Not all of them are bad.
First, it has outraged a community still hurting from the explosion, and offended the sensibilities of many who believe the cover glamorizes an alleged murderous terrorist, rendering him more in the mold of a Jim Morrison than a Charles Manson (both of whom have been Rolling Stone cover subjects). Comments on the magazine’s Facebook page are blistering.
Rolling Stone’s disingenuous explanation has only compounded the outrage.
“Our hearts go out to the victims of the Boston Marathon bombing, and our thoughts are always with them and their families. The cover story we are publishing this week falls within the traditions of journalism and Rolling Stone’s long-standing commitment to serious and thoughtful coverage of the most important political and cultural issues of our day,” the editors wrote in a note that appears online atop the story and on their Facebook page. “The fact that Dzhokhar Tsarnaev is young, and in the same age group as many of our readers, makes it all the more important for us to examine the complexities of this issue and gain a more complete understanding of how a tragedy like this happens.”
I don't doubt the editors when they say their hearts go out to the victims. But here's what they mean after that: We went for shock value. We’re trying to sell magazines here. We thought we’d get a lot of attention if we juxtaposed that kid’s seraphic mug with the brutal cover lines: “The Bomber. How a popular, promising student was failed by his family, fell into radical Islam and became a monster.” And guess what? We did.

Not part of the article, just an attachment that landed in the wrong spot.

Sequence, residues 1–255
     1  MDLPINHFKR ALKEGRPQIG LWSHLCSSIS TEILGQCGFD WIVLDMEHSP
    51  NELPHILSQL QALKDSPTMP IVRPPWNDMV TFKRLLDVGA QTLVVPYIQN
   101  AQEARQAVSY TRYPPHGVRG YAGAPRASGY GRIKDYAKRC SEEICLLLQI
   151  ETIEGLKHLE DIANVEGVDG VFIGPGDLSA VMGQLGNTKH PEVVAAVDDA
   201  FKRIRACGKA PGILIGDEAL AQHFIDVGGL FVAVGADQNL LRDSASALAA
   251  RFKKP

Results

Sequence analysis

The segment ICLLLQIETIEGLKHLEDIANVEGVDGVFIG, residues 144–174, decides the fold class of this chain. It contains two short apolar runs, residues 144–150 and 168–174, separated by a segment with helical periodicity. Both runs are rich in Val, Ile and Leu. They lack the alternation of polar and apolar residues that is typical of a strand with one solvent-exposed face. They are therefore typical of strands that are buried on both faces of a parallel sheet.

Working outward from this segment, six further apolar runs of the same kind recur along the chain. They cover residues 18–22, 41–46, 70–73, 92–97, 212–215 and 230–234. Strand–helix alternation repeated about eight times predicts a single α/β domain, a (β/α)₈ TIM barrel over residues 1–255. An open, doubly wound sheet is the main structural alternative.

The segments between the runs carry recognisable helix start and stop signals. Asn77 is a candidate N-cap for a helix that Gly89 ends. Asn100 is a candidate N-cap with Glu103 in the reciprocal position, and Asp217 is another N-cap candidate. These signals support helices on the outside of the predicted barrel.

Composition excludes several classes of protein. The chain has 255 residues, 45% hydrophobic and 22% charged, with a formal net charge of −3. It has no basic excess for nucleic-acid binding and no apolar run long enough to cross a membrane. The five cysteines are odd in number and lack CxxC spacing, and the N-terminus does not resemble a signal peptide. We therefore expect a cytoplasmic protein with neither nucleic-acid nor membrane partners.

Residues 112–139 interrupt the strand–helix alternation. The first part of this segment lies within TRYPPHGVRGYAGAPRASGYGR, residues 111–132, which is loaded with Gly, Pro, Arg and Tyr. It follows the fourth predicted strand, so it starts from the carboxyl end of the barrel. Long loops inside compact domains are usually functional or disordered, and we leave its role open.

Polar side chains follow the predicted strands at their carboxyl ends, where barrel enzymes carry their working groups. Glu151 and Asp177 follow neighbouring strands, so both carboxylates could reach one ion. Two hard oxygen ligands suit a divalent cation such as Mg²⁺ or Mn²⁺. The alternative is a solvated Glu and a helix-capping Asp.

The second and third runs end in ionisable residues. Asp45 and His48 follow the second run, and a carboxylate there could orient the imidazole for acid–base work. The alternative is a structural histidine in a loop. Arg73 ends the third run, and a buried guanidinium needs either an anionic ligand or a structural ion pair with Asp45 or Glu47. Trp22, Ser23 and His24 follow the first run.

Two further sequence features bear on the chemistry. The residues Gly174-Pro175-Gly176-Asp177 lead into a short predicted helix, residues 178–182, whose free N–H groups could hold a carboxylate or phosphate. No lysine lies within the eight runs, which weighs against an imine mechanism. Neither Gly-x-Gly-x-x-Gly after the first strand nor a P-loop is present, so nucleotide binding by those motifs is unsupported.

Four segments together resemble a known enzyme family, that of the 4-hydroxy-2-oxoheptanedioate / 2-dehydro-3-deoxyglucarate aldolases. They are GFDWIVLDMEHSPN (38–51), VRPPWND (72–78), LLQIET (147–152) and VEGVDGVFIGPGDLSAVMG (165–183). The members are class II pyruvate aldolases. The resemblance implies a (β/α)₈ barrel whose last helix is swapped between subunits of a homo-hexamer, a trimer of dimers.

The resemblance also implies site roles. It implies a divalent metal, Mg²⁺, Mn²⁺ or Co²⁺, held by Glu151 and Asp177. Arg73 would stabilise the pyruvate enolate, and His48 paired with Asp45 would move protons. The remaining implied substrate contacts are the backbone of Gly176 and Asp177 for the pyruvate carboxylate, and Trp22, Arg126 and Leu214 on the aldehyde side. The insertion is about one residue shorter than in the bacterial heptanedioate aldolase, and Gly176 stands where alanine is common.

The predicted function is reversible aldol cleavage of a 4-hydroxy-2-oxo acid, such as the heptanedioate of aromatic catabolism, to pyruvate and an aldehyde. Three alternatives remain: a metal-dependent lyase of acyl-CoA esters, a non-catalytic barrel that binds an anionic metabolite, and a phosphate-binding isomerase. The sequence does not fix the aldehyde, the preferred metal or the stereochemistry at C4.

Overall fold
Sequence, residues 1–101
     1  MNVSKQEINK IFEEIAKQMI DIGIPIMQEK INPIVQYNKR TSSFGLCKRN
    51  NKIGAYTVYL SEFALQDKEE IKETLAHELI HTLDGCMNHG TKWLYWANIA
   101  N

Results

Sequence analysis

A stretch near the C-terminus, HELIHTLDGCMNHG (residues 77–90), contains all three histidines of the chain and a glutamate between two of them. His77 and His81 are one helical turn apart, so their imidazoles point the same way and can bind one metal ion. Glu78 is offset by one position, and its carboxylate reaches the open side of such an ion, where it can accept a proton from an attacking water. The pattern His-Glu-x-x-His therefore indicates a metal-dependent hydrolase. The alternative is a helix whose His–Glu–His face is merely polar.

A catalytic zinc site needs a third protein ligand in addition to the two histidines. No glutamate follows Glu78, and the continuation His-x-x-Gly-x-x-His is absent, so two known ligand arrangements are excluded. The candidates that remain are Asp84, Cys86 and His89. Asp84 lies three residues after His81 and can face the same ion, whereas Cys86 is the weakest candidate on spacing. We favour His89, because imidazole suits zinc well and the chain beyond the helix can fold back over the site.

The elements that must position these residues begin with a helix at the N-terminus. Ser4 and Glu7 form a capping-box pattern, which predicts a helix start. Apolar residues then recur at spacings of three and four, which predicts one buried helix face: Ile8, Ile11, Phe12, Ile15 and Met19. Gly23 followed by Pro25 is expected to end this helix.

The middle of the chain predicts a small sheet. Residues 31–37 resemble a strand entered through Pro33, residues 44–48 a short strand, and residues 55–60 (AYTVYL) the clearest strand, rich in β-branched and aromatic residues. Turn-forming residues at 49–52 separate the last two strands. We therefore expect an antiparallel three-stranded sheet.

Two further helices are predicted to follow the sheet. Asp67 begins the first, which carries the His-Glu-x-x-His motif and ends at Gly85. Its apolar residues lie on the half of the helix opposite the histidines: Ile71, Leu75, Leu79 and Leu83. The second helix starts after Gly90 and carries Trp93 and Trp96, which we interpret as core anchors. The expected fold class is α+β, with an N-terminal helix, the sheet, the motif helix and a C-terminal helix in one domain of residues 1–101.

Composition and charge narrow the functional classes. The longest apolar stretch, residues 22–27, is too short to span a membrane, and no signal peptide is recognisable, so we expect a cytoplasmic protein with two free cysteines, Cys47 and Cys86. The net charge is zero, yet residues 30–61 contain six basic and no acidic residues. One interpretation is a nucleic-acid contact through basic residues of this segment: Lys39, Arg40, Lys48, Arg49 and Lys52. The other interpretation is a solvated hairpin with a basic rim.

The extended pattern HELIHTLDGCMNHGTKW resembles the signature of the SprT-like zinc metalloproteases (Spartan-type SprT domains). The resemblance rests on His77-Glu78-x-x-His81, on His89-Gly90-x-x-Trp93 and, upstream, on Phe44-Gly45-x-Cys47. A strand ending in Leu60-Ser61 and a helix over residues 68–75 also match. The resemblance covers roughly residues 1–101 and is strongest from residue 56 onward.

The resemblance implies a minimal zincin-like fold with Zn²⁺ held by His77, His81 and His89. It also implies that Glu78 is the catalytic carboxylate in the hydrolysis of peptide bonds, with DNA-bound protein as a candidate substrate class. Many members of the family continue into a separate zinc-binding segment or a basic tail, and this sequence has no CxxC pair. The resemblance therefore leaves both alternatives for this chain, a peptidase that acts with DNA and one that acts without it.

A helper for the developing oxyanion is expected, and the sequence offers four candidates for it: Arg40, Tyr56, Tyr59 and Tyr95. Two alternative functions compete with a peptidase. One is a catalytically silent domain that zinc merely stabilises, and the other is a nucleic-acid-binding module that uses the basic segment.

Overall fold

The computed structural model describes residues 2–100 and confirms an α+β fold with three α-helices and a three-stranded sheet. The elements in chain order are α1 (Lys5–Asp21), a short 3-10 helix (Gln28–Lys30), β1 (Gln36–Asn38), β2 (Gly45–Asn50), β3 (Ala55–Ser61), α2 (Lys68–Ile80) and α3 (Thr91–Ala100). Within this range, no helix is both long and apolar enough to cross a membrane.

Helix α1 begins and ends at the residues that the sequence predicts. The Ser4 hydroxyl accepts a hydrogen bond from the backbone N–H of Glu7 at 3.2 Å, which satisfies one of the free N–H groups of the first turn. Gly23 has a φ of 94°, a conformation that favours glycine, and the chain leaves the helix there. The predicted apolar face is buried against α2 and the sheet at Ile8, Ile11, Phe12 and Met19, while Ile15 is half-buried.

Personally, I like the cover. It brilliantly showcases the contradictions of the well-researched but ultimately inconclusive story by Rolling Stone contributing editor Janet Reitman. She marshalls many facts already known, reports out new stories about the Tsarnaev family and most important, manages to get many of the young man’s friends to talk to her about their infamous friend. Most of the friends are still puzzling out how the beautiful boy in the photo--which was widely circulated after the bombing--could participate in such evil.
Reitman tries hard to explain the inexplicable. She builds a solid theory about how a young man at loose ends with a hole in his soul might have become a terrorist:
Like many immigrant children, Tsnarnaev had a foot in two worlds, and kept them very separate. He may have felt abandoned by his parents who divorced, then moved to Russia at different times before remarrying. He may have felt unmoored after graduating high school and leaving the relatively coddled and elite world of Cambridge Rindge and Latin for the far less challenging University of Massachusetts Dartmouth, where he spent a lot of time getting stoned and selling pot.
His family, of Chechen origin, had been welcomed and supported by the U.S. as political refugees but never could get a toehold economically. As the American dream eluded them, older brother Tamerlan, who had never fully assimilated, soured on his adopted country, became more religious, then radicalized. He infected his flailing younger brother with hostile ideas about America’s relationship to Islam. (9/11 was an “inside job” designed to turn Americans against Muslims, etc.).
If you can get past the cover, and have the stomach for the subject matter, the story is well worth your time.